Vehicle Integration Factors Affecting Brake Caliper Drag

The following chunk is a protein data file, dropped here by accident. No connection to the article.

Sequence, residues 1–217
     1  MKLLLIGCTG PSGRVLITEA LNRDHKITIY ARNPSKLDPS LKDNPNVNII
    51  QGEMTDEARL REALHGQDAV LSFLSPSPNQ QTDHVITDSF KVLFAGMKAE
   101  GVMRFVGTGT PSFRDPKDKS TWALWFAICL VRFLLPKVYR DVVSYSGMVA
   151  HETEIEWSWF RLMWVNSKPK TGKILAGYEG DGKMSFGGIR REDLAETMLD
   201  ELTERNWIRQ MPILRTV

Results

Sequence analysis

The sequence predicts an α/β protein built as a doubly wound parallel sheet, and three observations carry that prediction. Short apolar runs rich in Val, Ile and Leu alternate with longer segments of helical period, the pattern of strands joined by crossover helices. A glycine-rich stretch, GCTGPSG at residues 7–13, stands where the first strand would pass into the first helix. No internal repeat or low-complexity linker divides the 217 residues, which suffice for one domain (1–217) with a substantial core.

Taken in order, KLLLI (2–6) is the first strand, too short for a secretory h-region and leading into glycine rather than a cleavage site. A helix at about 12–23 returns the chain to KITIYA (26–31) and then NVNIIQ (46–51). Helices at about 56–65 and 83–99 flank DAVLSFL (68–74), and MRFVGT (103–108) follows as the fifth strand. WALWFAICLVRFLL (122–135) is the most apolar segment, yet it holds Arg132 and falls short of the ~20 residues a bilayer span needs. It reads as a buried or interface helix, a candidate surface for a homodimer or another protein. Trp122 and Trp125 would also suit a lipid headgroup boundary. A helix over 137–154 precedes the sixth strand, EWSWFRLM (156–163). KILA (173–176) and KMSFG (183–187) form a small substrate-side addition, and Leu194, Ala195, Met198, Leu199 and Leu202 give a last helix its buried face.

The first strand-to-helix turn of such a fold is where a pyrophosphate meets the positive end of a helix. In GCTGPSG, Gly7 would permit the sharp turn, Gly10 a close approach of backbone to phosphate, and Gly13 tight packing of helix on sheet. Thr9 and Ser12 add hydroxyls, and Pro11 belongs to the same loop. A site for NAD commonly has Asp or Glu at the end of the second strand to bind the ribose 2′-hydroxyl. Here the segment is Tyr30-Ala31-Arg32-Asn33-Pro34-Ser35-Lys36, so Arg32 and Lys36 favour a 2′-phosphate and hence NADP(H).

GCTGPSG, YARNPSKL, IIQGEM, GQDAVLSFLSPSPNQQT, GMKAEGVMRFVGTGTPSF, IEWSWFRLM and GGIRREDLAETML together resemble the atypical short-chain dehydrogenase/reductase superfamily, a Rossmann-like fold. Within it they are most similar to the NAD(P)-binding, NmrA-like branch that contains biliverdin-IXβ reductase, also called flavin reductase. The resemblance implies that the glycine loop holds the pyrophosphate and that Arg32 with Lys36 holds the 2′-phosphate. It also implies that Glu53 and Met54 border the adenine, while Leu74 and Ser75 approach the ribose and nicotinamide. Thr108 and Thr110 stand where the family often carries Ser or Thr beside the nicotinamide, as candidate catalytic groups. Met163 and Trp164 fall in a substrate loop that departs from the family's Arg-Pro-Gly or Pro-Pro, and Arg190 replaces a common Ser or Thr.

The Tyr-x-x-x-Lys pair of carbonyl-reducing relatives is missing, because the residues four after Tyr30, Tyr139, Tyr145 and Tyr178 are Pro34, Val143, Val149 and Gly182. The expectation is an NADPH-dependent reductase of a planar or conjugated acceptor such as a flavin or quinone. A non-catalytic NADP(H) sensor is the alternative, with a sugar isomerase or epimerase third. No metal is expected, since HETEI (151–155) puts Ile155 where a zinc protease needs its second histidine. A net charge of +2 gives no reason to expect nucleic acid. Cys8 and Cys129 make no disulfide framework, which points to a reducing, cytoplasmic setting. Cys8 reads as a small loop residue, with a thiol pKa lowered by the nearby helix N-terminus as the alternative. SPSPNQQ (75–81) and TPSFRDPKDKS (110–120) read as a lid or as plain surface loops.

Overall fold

Disc brakes operate with very close proximity of the brake pads and the brake rotor, with as little as a tenth of a millimeter of movement of the pads required to bring them into full contact with the rotor to generate braking torque. It is usual for a disc brake to operate with some amount of residual drag in the fully released state, signifying constant contact between the pads and the rotor. With this contact, every miniscule movement of the rotor pushes against the brake pads and changes the forces between them. Sustained loads on the brake corner, and maneuvers such as cornering, can both produce rotor movement relative to the caliper, which can push it steadily against one or both of the brake pads. This can greatly increase the residual force in the caliper, and increase drag. This dependence of drag behavior on the movement of the brake rotor creates some vehicle-dependent behavior.